I have found that I use the phrases: "That's awesome!" and "I love..." far to loosely and often. Of course this is not my problem alone. We often search for language and words to describe events and sights that seem to be beyond the bounds of the English language. Unfortunately, overuse and misuse leads to weak words.
This is especially true in our worship. I was recently at a conference, not Brian Mclaren, where a theologian I highly respected made a scathing remark concerning contemporary worship. Now, I understand that people have differing opinions concerning style and use of music in the church service, but you must still be respectful. This theologian jokingly said, "Contemporary worship is little more than 'God is my boyfriend' music." Everyone in the seminary setting laughed; because this was so obviously funny to them.
Maybe the problem is not that contemporary worship uses songs that sound like they are singing to a boyfriend or girlfriend, but that song writers use words and thoughts for their boyfriends or girlfriends that should be reserved for God. (Sorry for the length of that sentence.) When these theologians laughed I wondered if they had ever read Song of Songs. Talk about explicit language!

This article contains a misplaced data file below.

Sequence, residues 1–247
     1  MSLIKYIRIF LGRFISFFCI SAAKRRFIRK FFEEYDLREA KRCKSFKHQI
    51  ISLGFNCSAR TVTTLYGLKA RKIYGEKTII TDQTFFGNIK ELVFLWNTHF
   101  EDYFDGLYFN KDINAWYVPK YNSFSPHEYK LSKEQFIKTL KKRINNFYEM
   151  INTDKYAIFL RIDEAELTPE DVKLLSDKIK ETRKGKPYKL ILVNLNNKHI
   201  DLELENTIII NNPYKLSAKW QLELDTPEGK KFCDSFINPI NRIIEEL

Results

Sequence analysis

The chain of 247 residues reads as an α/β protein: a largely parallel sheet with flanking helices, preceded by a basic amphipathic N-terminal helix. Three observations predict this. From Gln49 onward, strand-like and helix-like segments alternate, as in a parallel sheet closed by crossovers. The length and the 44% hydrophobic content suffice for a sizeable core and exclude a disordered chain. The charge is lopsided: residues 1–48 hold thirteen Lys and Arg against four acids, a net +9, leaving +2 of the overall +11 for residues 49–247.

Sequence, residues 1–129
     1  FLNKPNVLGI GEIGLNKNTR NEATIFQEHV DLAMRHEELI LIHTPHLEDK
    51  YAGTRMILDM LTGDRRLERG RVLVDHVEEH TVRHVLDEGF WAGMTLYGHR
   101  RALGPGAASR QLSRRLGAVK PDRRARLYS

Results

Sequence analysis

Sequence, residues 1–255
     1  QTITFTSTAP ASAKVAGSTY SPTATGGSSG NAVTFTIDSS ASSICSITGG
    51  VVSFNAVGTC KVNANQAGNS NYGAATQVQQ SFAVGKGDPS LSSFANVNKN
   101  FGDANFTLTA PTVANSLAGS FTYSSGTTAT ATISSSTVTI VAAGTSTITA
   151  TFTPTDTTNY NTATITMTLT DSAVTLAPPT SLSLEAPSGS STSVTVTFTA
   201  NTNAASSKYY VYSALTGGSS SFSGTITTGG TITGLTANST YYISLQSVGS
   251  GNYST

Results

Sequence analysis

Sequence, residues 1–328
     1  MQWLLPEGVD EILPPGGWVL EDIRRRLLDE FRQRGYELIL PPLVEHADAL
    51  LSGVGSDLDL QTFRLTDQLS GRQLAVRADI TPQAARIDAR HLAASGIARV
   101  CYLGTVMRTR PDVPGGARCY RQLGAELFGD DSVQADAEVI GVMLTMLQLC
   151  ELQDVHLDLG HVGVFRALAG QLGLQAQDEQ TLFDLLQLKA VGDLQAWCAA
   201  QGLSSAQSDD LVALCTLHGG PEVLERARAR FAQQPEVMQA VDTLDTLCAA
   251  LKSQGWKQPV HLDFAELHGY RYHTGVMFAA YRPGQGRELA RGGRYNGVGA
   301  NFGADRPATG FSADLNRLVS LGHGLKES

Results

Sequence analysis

Maybe we have been guilty of using language for earthly relationships that should be reserved for the Divine Lover of My Soul. "You are the love of my life." "I love you more than words." Why are we more willing to use these phrases for a spouse or lover than for God? And, why is it not appropriate (according to some) to use these in regards to God? I think that is why pop and rock power-ballads often sound more like worship music than love songs to me. They are putting words and emotions into describing something that is not God.
We are searching for words to describe the deep emotions we feel, but shouldn't something be used to describe God alone? Or at least allow the same language to be used without feeling it inferior. Just don't try to get out of telling your spouse, "I love you."